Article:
Bahamadia Produced An Entire EP On Her Phone & It’s Dialed Up 2 The Max (Audio)
Revered as one of music’s most gifted Philly lyricists, Bahamadia is known for her subdued, under-the-radar persona. However, her presence in the culture has never waned. Largely considered one of the dopest women to have ever touched a mic, her 1996 album Kollage continues to ring bells two decades later. In the years since, she has worked as an educator, mentor and founder of B-Girl Records as well as a frequent performer who helped headline Rock Steady Crew’s 2016 anniversary event. Recently, she has released new music in the form of her Dialed Up series, which she calls “the first ever music project created entirely on a handheld mobile device and recorded in a car.” It’s a visionary project, especially considering the first volume dropped in 2013, before recording-studio-in-your-hand-apps became all the rage. Today (October 19), the second volume premieres on Ambrosia for Heads.
In speaking with AFH, Bahamadia says the tape series “was conceived due to a desire to produce on the fly while presenting quality material in a most cost-effective approach,” a prescient goal for someone who’s been in the game for so long. “My belief as an innate creative is to introduce and utilize unconventional methods that enhance artistic expression, in this case via mobile production,” she explains before adding “I became inspired to take a more practical route to music making mainly because I have found that, in the information/digital age, there is a space for people who wanna get ideas out randomly.”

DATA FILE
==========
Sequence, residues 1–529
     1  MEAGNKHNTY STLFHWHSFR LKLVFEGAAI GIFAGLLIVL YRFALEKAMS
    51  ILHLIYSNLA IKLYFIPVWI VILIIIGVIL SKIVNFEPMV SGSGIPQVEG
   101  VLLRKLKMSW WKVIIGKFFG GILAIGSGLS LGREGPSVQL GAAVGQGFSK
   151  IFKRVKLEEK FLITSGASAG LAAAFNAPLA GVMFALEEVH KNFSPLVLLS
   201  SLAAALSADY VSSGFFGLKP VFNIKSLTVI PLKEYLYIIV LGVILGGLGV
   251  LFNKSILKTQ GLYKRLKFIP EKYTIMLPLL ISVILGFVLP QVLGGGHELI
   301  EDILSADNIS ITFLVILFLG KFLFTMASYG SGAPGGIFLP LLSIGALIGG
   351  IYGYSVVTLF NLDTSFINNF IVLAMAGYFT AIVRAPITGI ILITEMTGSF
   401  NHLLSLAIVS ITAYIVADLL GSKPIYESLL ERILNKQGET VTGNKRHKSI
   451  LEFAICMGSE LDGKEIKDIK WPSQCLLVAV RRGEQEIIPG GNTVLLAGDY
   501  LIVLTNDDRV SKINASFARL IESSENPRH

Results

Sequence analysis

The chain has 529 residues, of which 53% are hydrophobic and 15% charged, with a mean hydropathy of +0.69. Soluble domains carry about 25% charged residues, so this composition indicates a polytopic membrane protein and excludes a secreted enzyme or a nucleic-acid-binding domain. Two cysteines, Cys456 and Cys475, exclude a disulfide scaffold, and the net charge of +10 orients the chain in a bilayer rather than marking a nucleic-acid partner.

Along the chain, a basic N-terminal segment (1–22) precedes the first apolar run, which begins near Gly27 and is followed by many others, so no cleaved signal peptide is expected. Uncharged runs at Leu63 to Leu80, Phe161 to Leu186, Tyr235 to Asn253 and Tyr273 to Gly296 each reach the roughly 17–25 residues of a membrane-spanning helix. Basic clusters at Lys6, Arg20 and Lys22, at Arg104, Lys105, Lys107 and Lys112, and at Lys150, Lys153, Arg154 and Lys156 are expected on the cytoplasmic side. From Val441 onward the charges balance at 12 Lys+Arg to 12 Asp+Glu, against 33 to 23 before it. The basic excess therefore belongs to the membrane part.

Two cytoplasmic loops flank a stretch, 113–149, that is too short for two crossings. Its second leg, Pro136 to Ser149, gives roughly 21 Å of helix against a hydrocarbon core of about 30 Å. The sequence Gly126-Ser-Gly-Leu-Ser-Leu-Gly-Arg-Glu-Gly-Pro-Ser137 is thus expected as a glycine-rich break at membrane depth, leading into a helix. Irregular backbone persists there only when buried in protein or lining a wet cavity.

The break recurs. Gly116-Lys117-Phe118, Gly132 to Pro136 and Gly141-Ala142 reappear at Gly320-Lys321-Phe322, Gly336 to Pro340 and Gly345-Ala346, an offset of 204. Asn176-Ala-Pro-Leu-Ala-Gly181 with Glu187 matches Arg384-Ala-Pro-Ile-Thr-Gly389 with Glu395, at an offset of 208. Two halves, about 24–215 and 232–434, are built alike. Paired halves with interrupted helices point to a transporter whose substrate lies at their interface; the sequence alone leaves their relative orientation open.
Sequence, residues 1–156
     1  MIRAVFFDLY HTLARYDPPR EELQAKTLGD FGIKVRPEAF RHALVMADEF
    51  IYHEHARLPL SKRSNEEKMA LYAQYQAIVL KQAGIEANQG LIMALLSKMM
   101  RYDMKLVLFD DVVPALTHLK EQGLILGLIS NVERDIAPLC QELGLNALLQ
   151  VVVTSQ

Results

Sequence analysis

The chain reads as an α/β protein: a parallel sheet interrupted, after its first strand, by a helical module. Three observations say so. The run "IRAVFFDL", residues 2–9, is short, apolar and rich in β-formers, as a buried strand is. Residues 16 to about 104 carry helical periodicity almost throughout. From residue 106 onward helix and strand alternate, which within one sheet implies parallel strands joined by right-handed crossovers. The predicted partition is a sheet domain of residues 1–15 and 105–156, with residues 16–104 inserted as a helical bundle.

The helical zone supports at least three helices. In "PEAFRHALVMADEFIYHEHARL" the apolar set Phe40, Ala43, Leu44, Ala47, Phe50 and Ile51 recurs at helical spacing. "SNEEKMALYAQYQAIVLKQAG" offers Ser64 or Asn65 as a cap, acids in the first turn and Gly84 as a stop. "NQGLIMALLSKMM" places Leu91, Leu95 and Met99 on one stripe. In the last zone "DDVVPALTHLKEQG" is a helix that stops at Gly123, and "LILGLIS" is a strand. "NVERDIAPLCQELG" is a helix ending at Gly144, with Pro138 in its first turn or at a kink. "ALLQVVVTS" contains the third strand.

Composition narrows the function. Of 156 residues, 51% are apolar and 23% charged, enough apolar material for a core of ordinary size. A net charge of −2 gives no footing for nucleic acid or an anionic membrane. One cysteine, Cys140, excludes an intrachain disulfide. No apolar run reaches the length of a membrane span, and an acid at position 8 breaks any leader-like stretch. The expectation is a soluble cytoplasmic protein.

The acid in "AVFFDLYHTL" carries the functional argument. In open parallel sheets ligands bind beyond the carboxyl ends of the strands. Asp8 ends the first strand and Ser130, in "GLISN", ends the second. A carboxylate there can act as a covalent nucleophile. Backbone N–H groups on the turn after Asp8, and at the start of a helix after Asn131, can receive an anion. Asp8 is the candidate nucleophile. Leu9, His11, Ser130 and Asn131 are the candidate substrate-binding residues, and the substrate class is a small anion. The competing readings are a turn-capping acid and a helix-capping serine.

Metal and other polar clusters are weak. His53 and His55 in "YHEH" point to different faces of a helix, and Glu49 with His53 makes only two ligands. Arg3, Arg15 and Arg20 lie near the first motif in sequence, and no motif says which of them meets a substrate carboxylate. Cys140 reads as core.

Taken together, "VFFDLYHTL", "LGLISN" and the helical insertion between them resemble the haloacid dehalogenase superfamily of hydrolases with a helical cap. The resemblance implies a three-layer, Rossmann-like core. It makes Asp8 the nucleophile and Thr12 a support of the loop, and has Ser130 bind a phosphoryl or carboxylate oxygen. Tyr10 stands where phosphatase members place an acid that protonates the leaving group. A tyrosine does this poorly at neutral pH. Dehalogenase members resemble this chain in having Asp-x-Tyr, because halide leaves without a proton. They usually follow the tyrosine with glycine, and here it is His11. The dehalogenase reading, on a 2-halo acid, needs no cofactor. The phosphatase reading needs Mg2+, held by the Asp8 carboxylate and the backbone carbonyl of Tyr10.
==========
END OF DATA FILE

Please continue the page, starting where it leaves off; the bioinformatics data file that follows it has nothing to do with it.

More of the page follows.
Dialed Up 2 follows the same creative framework as its predecessor, but includes guest features. Camp Lo’s Geechi Suede and Zion I are joined by a handful of other artists whose voices make this project much more than Bahamadia’s latest beat tape. Kev Brown, Prozack Turner, Fat Nice, Groove Da Moast, Rasco and Dave Ghetto are all contributing acts. Over the course of the 12-minute mix, Bahamadia’s influence can be heard throughout, though from behind the controls. However, she does contribute her signature rap styles to the tape’s opening cut.